On the day he was finally released from prison after murder charges were dropped, Alprentiss Nash vowed he would use his freedom studying to become a chef, learning about antique cars and traveling.
The Chicago Tribune reports, the 40-year-old Nashhad been wrongfully convicted in 1995 for the murder a man named Leon Stroud based on witness testimony. Nash, who always maintained his innocence, was sentenced to 80 years in prison in 1997. According to the report,
He was released in August 2012 after DNA tests on a ski mask recovered from the scene matched the genetic profile of another man.
Nash spent the past three years enjoying his freedom. He traveled and and bought a motorcycle and even completed a culinary program. He had plans to open his own restaurant in New Orleans. His mother, Yvette Martin told the
"He was really happy to be free, and he never talked about his time in prison. He wanted to just get past it and be happy. He was overjoyed and excited about building a new life."
Nash's attorney told reporters that Nash had received a certificate of innocence and $200,000 pay out from the state after he was released. He was also suing the city for millions of dollars in a federal lawsuit against Chicago. While the payout helped Nash live the good life in the area, he was still unable to get a job. Unfortunately, Nash's family said his flashy new lifestyle attracted negative attention. They said they believe he had been the target of an armed robbery. Nash was fatally shot while leaving a currency exchange. His family said,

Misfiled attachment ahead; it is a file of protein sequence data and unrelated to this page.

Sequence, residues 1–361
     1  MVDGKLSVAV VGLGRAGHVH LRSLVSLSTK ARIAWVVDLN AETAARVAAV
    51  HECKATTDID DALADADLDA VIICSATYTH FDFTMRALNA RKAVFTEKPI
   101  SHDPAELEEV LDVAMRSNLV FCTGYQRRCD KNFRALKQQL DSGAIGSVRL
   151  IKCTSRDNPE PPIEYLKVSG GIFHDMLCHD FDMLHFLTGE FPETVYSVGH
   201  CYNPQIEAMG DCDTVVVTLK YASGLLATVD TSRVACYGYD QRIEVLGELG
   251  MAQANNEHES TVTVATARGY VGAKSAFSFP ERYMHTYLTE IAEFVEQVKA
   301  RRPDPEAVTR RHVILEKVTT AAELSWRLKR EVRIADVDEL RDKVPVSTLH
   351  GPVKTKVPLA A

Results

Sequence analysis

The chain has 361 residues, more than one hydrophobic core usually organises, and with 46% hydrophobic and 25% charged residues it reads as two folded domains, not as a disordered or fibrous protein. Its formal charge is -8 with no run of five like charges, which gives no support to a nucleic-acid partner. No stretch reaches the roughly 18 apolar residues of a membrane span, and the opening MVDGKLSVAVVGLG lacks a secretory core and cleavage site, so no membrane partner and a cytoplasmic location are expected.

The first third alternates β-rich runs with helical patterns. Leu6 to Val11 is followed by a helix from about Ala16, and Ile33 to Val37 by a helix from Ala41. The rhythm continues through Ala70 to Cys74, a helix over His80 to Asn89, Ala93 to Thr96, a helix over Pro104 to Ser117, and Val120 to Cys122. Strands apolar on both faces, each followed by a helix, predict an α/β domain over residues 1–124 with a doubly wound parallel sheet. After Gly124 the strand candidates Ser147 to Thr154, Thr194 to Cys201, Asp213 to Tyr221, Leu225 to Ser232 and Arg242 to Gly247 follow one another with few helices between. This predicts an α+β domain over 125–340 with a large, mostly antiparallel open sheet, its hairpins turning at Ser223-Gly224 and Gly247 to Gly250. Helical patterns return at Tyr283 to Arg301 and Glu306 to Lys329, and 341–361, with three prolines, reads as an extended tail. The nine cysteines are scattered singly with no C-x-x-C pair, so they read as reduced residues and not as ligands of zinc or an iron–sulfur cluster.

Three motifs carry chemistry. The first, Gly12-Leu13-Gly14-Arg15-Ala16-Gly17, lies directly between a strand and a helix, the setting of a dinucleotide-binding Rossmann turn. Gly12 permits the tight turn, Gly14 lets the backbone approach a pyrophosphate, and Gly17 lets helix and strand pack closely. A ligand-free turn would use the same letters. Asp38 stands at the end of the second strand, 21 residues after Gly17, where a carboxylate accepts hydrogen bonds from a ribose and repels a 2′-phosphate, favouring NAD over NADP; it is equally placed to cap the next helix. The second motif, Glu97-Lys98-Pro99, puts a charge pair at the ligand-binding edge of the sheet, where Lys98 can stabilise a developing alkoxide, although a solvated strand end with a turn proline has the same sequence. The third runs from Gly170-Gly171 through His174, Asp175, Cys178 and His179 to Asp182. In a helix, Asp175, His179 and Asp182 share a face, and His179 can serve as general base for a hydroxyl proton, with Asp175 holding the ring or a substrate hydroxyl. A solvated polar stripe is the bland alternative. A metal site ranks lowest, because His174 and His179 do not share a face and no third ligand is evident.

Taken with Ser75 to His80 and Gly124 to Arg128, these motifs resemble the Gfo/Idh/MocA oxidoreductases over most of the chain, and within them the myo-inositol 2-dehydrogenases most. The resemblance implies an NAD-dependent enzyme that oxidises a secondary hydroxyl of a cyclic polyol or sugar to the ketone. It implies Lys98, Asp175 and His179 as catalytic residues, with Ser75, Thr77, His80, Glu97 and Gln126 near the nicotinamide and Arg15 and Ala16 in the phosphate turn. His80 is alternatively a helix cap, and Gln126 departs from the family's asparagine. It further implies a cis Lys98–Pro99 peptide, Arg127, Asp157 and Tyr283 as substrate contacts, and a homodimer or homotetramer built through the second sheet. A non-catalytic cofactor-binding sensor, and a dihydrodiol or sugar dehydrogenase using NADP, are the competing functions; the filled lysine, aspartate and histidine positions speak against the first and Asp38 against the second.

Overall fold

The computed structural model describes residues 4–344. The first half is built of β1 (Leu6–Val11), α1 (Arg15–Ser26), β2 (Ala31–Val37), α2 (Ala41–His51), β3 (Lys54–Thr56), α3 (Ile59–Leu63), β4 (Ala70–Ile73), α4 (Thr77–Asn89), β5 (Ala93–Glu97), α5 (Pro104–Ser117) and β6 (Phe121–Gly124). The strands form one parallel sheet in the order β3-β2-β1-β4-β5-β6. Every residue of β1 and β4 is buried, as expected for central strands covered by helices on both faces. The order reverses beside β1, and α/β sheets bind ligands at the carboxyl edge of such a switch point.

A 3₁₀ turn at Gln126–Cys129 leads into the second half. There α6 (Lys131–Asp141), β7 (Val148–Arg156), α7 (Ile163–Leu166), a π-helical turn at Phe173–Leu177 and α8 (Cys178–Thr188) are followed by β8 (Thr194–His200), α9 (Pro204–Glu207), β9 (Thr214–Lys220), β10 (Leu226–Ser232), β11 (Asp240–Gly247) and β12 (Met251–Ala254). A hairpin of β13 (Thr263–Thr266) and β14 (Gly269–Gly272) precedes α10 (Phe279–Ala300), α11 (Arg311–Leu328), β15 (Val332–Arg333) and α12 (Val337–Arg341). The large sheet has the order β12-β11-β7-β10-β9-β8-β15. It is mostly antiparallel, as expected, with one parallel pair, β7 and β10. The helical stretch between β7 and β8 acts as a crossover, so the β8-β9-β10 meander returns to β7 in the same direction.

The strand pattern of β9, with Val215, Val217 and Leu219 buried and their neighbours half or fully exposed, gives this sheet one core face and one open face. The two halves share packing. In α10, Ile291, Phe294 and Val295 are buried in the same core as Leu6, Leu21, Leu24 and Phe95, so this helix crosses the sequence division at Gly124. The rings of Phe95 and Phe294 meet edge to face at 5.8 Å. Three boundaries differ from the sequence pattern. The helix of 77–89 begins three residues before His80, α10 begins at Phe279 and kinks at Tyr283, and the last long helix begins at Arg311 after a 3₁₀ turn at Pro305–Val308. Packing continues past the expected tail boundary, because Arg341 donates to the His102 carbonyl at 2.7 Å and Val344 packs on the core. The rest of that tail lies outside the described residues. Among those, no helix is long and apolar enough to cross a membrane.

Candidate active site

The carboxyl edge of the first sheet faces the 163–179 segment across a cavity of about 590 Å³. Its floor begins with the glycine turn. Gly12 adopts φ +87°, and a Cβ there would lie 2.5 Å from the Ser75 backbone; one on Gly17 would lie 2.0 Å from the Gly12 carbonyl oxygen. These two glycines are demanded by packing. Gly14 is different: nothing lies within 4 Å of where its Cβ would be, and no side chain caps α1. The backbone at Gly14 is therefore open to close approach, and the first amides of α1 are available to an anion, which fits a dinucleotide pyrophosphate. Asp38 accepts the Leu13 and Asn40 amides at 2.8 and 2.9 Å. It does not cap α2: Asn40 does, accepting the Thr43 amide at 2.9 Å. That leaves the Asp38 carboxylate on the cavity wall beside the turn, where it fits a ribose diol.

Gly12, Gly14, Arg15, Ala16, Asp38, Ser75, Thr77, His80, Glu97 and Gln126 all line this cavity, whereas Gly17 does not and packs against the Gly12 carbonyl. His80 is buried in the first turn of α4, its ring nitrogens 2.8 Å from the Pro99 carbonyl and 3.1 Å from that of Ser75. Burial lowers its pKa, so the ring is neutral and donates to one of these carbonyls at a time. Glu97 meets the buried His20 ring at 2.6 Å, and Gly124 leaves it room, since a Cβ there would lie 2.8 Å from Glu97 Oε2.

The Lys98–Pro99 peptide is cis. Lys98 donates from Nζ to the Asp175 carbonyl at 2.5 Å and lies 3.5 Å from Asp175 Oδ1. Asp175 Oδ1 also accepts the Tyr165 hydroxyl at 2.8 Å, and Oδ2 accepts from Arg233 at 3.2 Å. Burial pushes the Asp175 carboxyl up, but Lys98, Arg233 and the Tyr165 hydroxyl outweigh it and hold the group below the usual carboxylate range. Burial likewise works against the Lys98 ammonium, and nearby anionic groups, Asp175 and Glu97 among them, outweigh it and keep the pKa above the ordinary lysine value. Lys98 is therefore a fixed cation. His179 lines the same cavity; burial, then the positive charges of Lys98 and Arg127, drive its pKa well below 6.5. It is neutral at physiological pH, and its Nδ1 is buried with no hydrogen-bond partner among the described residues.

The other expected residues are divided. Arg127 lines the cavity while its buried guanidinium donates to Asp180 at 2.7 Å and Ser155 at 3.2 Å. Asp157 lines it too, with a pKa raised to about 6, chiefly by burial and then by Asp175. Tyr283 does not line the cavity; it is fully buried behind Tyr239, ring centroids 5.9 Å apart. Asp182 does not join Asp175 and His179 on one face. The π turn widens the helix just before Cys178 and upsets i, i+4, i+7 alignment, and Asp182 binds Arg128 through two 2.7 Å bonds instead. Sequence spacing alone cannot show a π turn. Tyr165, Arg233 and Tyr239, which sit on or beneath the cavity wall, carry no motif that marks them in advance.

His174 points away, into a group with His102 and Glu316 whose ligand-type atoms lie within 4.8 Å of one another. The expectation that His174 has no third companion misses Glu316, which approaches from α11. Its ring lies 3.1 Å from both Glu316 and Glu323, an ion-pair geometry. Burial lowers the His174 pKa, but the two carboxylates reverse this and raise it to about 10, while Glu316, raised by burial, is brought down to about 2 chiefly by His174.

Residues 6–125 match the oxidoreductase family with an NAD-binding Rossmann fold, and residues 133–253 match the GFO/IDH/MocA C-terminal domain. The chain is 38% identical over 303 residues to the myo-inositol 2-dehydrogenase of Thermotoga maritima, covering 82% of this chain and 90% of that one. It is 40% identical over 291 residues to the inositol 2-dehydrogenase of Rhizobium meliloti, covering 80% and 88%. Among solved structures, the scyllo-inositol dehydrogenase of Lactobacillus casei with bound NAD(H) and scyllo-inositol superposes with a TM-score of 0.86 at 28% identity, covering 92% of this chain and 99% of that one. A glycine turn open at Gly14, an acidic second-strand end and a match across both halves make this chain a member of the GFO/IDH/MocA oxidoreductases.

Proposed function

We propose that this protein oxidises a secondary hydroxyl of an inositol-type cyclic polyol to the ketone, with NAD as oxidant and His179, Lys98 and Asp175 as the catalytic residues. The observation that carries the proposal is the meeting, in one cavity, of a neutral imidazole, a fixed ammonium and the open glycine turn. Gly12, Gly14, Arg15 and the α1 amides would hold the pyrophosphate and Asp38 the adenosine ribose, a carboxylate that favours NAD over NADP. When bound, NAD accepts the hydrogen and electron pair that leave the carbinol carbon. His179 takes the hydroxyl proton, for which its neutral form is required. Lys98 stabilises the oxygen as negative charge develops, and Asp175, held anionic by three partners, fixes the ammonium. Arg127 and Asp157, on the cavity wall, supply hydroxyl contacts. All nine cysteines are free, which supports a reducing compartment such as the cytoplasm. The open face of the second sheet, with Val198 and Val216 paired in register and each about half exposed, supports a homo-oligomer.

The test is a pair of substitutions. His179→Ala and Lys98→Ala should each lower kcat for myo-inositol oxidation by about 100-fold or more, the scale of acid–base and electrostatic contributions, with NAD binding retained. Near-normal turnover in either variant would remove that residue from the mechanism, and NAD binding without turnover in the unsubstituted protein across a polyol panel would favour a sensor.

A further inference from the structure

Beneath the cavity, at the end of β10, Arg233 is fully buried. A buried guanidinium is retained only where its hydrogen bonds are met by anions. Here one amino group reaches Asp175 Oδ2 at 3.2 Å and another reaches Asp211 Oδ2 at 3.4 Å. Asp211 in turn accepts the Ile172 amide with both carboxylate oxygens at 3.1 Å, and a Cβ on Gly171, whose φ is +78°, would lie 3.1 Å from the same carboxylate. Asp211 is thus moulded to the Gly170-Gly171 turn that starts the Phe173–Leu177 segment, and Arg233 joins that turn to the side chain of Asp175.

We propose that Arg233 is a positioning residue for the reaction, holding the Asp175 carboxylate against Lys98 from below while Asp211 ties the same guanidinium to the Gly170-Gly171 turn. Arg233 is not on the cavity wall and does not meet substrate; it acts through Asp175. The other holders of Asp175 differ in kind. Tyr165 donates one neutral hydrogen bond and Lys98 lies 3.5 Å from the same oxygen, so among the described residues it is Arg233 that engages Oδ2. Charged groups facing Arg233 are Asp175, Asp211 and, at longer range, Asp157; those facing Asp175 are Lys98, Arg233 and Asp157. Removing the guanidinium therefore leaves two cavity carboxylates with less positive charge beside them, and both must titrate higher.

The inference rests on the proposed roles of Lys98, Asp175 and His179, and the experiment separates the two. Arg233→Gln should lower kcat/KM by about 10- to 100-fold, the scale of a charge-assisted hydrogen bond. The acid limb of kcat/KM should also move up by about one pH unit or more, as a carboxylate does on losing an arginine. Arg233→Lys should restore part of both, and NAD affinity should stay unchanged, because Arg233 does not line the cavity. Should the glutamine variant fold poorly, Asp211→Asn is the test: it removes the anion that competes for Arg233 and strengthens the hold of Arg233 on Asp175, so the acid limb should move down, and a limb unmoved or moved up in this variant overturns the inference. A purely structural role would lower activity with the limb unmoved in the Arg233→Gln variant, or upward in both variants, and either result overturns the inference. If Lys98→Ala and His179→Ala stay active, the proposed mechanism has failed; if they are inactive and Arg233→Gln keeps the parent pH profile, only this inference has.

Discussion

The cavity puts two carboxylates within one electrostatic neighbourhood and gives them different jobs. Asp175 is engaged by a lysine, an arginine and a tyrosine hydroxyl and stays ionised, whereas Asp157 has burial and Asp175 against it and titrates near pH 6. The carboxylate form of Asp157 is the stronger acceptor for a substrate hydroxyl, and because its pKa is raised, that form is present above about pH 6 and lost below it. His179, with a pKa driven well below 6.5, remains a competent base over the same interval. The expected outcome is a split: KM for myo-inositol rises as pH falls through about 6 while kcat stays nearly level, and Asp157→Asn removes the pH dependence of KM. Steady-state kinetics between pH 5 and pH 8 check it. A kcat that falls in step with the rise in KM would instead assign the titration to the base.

"During his 17 years in prison, Nash missed countless family celebrations, gatherings and milestones, including the funeral of his maternal grandmother and his son's entire childhood. But he also earned his GED diploma and wrote the legal brief that eventually helped him win his freedom."
They said Nash told them he was determined not to be bitter, stating,
"I'm on a new journey. As far as my life, it begins now, and I'm thankful."
That journey included re-establishing bonds with his younger sister nephews and nieces, who he met for the first time. He saw his mother every week and spent time with his maternal grandfather on the West Side.
"He wanted to be a good uncle, so he'd check up on the kids," said Nash's sister, Robin Martin. "We'd talk on the phone for hours about our childhood, the time before he was taken away."
When Nash's mother got the phone call alerting her of her son's untimely death, she told the Chicago Tribune,
"I just screamed from my innermost belly because I wanted God to know I hurt.
Nash is one more example of why the Innocence Project is so important. What a sad story.
The views and opinions expressed herein are those of the authors alone and do not necessarily reflect the views of Ora Media, LLC its affiliates, or its employees.
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